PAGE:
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A new survey, commissioned by the Australian Communications Consumer Action Network (ACCAN), has revealed that 12 per cent of respondents experienced unexpected third party charges on their mobile phone bills in the last six months.

“Applied to the mobile customer base of Telstra, Optus and Vodafone, this 12 per cent equates to almost 1.9m people who could have received unexpected charges on their mobile bills. We estimate that collectively, consumers may have been charged as much as $20m unexpectedly in the last six months*,”said ACCAN Director of Policy, Una Lawrence. “ACCAN is calling for better protections to be put in place so that consumers don’t get caught out with unexpected charges on their mobile bills.”

The ACCAN survey found people are buying apps, games, entering competitions, getting news updates and voting on TV shows and charging it to their mobile accounts. While this may suit some consumers, just under 50 per cent of respondents were unaware their phone could be used this way. Over a third who had incurred unexpected charges reported that they weren’t informed, didn’t consent to or confirm the charge, or understand how or how much they would be charged.

“This significant lack of awareness indicates that there should be stronger consumer protections, such as default barring of third party charging, and better consumer information. If people want to charge items to their phone bill they should have to actively change their settings with their telco. Otherwise their phone is like an unsecured credit card, and people have no idea what they’re being charged for,” said Ms Lawrence.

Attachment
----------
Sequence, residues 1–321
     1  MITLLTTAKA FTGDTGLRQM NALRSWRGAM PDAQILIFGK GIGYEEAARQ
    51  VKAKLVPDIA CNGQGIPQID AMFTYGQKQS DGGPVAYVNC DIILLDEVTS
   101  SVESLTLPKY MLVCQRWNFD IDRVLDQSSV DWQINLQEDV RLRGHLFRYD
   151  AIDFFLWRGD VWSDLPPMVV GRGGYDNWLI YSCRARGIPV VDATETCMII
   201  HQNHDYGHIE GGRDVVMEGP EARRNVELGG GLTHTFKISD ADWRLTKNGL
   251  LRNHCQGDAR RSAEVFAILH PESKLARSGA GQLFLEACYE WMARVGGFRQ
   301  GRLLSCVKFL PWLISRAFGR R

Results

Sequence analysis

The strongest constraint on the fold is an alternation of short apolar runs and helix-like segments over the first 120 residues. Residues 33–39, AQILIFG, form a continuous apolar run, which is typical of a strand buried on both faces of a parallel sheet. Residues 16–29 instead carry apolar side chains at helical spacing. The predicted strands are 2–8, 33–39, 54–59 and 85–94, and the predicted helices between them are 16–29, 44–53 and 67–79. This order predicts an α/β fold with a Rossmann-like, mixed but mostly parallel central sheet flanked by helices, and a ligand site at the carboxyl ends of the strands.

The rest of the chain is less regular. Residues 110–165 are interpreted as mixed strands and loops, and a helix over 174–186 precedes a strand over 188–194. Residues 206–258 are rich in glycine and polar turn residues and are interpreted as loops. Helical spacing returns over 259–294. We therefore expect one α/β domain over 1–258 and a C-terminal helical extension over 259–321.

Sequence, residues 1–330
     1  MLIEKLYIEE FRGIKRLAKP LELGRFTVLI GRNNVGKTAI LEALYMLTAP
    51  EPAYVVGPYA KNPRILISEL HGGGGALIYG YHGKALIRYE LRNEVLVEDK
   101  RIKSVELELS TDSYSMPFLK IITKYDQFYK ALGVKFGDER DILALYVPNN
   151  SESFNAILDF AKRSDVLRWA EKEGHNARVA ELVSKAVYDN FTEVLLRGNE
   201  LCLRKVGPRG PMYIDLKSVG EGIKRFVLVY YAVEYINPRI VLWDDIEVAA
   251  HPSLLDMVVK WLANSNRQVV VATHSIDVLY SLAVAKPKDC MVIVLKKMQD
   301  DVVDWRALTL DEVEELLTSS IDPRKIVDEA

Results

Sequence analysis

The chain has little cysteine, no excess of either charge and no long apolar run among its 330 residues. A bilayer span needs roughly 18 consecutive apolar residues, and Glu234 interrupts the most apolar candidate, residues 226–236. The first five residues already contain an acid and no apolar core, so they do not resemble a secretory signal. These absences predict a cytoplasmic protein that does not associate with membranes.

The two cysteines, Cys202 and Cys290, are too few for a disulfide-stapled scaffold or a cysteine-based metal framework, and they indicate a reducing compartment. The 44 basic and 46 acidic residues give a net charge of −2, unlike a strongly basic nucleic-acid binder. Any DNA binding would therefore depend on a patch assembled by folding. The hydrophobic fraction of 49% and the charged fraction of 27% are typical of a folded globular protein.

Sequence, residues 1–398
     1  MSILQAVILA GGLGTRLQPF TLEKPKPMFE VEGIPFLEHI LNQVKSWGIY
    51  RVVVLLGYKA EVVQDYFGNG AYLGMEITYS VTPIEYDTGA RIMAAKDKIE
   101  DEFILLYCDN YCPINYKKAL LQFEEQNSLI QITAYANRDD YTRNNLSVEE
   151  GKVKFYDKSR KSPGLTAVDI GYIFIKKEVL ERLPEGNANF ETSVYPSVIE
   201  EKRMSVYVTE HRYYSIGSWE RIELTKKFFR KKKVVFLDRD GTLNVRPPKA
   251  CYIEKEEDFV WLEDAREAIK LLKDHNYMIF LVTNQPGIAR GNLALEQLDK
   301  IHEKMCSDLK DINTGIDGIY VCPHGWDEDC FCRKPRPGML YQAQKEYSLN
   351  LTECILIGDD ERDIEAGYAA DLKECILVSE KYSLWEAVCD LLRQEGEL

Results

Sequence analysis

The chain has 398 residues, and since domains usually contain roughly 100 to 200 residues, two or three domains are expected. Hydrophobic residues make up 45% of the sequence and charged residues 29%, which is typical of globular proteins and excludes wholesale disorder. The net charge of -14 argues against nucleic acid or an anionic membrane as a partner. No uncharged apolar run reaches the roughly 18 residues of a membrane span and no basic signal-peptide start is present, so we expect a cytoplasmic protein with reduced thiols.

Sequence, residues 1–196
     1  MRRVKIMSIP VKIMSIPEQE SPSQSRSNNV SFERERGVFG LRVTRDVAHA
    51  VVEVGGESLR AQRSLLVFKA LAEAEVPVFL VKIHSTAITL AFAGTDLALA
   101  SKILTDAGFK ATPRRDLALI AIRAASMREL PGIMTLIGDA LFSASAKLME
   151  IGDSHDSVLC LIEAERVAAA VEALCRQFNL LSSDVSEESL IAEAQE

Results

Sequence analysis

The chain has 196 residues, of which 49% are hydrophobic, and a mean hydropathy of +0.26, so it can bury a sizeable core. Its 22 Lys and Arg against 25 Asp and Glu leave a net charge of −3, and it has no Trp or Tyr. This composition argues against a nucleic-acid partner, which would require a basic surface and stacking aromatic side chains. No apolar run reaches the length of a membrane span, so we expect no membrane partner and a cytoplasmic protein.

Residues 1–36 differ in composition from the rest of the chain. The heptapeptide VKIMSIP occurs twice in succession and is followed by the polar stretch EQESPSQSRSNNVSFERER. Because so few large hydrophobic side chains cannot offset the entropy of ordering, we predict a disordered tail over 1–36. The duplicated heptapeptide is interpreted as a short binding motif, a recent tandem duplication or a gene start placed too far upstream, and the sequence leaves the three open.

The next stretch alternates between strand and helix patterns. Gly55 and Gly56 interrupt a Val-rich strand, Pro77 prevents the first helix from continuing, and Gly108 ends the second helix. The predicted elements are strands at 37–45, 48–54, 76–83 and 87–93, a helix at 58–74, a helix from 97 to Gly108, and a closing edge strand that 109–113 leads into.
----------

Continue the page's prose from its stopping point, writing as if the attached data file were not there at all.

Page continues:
Survey respondents supported stronger safeguards, particularly those who had experienced unexpected charges. Preferred options for this group were default barring (40 per cent) to be lifted on request of the account holder, followed by support for confirmatory text acceptance for each purchase (20 per cent).

A contributing factor to the lack of awareness of third party charges is the finding that over half of respondents are paying for multiple mobile services. This means the people who subscribe to the services may not be the bill payer – for example, families with children, and business account holders with multiple mobile phone services.

“Additionally, the survey provides concerning evidence that the existing safeguard of replying ‘STOP’ to SMS notifications to opt out isn’t working properly. Almost three quarters of people who replied ‘STOP’, still found the charge added to their bill,” said Ms Lawrence.

Over a third of unexpected charges were for $10 or more. Charges can be for one-off purchases or for ongoing subscriptions that are charged weekly or monthly. The people most likely to receive unexpected charges were those in the 16-24 age bracket.

Despite these findings, consumers are reluctant to complain about unexpected third party charges, because of lack of confidence that their telco or the third party charger would help, and a feeling that the cost of disputing low charges outweighs the benefit of getting a refund. The survey found a quarter of account holders who experienced unexpected charges did not dispute them, and those who were charged less than $5 were most likely to take no further action. Once charges rise to between $5-$10 people are much more likely to follow up with their telco or the third party company. Very few went on to complain to the Telecommunications Industry Ombudsman (TIO) (6 per cent).